Easy come, easy go
Today, Rep. Mike Pence and Rep. Cathy McMorris Rodgers, the Chair and Vice Chair of the House Republican Conference, led a blogger conference call. The representatives stayed on point throughout the call:
- On the economy generally and on the Democrats’ budget proposal specifically, they repeatedly said the Democrats are spending, borrowing and taxing too much.
- They hammered on the Democrats’ proposal as bad for families and small businesses, including family farms. They emphasized the role of small businesses in job creation.
- They said they believed in free markets, fiscal restraint and tax relief as the keys to growth.
- To that effect, they said Senate and House Republicans would be cooperating closely to promote those messages over the next several weeks and then unveil an alternative budget proposal of their own, which they promise will be a bold, clear contrast with that of the Democrats.
I expected something along these lines, and I don’t object to the sentiment or disagree with their diagnosis of the Democrats’ budget. They’ve identified what’s wrong with the Democrats’ plan, they’ve developed a strategy for responding with their own alternative, and they want to get everyone on record as either supporting the Democrats’ messy bill or the ideal Republican vision.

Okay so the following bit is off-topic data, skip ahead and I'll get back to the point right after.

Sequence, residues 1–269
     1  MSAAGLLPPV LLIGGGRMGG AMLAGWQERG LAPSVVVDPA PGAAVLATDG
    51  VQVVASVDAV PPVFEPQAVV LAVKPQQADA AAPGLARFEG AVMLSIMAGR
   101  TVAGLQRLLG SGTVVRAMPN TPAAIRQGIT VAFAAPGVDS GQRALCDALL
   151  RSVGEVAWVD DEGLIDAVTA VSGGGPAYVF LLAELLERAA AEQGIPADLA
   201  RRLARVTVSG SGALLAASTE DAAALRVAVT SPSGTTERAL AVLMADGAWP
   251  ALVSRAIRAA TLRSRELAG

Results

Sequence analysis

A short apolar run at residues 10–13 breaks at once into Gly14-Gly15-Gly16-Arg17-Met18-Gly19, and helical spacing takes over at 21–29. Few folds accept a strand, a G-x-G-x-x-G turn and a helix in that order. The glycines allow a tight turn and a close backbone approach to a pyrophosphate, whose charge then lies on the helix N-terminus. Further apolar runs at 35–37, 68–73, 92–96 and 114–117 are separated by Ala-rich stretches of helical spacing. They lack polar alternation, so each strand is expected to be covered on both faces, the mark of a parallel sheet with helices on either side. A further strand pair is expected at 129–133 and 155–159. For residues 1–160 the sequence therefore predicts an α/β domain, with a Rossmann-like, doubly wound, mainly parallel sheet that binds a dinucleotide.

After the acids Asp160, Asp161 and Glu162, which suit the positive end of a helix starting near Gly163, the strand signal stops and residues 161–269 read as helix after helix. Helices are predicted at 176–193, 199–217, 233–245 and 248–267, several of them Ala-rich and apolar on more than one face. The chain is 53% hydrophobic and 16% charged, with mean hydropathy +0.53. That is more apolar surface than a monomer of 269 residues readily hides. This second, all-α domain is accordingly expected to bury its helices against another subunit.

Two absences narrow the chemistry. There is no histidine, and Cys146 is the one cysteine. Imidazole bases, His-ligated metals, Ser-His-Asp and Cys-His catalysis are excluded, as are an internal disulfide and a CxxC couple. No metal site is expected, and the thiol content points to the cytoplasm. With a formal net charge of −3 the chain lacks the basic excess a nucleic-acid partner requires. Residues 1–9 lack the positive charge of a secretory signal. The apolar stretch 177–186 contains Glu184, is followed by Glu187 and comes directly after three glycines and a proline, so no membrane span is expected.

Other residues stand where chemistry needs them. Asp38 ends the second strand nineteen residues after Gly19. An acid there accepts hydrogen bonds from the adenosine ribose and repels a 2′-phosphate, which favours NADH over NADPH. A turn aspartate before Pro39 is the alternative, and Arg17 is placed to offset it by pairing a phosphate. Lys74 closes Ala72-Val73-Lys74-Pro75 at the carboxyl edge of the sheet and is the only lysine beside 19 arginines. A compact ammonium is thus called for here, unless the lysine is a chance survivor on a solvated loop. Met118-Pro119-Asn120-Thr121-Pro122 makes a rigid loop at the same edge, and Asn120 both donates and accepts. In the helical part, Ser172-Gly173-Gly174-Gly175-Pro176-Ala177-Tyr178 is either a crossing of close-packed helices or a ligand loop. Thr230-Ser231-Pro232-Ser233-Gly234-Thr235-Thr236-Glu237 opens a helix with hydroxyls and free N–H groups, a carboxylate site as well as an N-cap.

The first question went to Quin Hillyer over at AmSpec, who asked how unified we can expect the GOP response to be if a Republican leader like Lamar Alexander broke to vote for the omnibus spending bill. Pence acknowledged that he and Sen. Alexander had a difference of opinion on that one, but hastened to add that Sen. Alexander had voted for all the limiting amendments and had voted against the stimulus, etc.
For my part, I asked the representatives why, in light of Republicans’ so-far unsuccessful attempts to bring “clean” Republican versions of bills to the floor for debate, their alternative budget would be different.
Rep. Pence answered that Republicans would be given the opportunity on this one. The Republican House leadership is working closely with the budget committee, and specifically with Rep. Paul Ryan, the ranking Republican on that committee. There are some limitations on how quickly they can move their alternative and get a CBO estimate done on it, but they’re going to use the interim to expose problems with the Democrats’ budget before unveiling their alternative.
Rep. Morris Rodgers said that it was important that it goes to the House floor for debate, and that they wanted the difference in approach to be clear to the American people, too.
As I said earlier, this is about what I expected – when your party is some 70 seats down in the House and retains only the most meager leverage in the Senate, having lost all credibility, you need to remind people that you at least remember what a conservative is supposed to want.
I just hope that’s not all they have in their playbook. It’s much easier to present a principled image when you’re out of power and have no sway over whether a given bill will pass.
Assurances that the GOP will remain so principled when they regain a measure of power won’t carry a lot of weight without some kind of binding commitments – changing the structure and practices of the party rather than the short-term tactics. After all, misbehavior that receded smoothly when the majority last changed hands can come back just as readily. Easy come, easy go.